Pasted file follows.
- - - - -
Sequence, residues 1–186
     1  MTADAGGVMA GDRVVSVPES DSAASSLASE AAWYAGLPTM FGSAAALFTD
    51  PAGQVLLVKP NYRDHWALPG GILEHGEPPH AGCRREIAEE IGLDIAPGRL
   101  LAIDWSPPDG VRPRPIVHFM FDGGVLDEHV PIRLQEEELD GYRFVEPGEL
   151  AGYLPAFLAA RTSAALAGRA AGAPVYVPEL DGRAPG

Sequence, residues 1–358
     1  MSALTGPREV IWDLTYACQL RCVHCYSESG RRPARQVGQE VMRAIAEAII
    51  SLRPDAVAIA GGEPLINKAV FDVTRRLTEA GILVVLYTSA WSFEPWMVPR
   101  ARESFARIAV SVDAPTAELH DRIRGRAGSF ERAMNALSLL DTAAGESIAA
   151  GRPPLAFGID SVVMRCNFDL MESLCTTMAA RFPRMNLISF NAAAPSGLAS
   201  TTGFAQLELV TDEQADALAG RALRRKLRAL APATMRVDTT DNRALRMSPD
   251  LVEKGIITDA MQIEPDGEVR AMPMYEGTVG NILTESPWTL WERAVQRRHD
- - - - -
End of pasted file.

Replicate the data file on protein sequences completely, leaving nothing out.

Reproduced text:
Sequence, residues 1–186
     1  MTADAGGVMA GDRVVSVPES DSAASSLASE AAWYAGLPTM FGSAAALFTD
    51  PAGQVLLVKP NYRDHWALPG GILEHGEPPH AGCRREIAEE IGLDIAPGRL
   101  LAIDWSPPDG VRPRPIVHFM FDGGVLDEHV PIRLQEEELD GYRFVEPGEL
   151  AGYLPAFLAA RTSAALAGRA AGAPVYVPEL DGRAPG

Sequence, residues 1–358
     1  MSALTGPREV IWDLTYACQL RCVHCYSESG RRPARQVGQE VMRAIAEAII
    51  SLRPDAVAIA GGEPLINKAV FDVTRRLTEA GILVVLYTSA WSFEPWMVPR
   101  ARESFARIAV SVDAPTAELH DRIRGRAGSF ERAMNALSLL DTAAGESIAA
   151  GRPPLAFGID SVVMRCNFDL MESLCTTMAA RFPRMNLISF NAAAPSGLAS
   201  TTGFAQLELV TDEQADALAG RALRRKLRAL APATMRVDTT DNRALRMSPD
   251  LVEKGIITDA MQIEPDGEVR AMPMYEGTVG NILTESPWTL WERAVQRRHD